Director Francesca Rossi stopped short of claiming the Tour had been clean but said 622 samples, including 443 blood samples and 179 urine samples, were taken during the last edition of the world's biggest and most popular bicycle race.
"We have no adverse analytical findings," said Rossi from the International Cycling Union's base in Aigle, a Swiss town in the canton of Vaud.
"We changed the strategy," he said.
"We were unpredictable and the riders perceived we were unpredictable."
During the Tour, the eventual winner, Britain's Chris Froome, was subjected to intense press scrutiny and speculation regarding the validity of his at times phenomenal performances.
But Rossi was unequivocal about the Team Sky leader.
"We tested him a lot," she said.
Rossi praised the French Anti-Doping Agency for their collaboration.
The news will come as a welcome boost to a sport that has suffered huge damage to its reputation this year with Lance Armstrong's January admission that he cheated throughout his seven Tour victories, of which he has been stripped.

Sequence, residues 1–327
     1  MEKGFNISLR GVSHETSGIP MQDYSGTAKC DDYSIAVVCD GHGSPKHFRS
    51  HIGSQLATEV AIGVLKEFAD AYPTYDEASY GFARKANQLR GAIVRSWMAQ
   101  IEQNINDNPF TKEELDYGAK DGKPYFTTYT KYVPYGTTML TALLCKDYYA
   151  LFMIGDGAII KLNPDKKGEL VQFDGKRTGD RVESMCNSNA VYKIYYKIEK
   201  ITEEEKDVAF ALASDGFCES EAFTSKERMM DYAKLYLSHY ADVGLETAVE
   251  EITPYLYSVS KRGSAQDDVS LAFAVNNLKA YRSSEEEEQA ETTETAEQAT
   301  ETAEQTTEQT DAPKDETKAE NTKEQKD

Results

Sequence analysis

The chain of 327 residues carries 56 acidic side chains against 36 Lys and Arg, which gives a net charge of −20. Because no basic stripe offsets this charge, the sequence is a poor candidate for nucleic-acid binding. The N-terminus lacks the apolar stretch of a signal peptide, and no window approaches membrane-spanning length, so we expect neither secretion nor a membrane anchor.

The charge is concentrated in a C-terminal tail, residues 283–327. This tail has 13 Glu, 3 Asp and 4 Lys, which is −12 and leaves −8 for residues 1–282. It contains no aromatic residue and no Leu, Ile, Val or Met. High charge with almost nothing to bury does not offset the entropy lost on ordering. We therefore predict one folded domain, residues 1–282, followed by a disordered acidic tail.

In July, the French senate released the names of a number of riders whose retroactively tested samples from the 1998 and 1999 tours had tested positive for banned blood-booster EPO.
Among the names to be revealed were former Tour winners Marco Pantani, now deceased, and Jan Ullrich, who in June finally admitted to his doping past, as well as past sprint king Erik Zabel, who subsequently also came clean.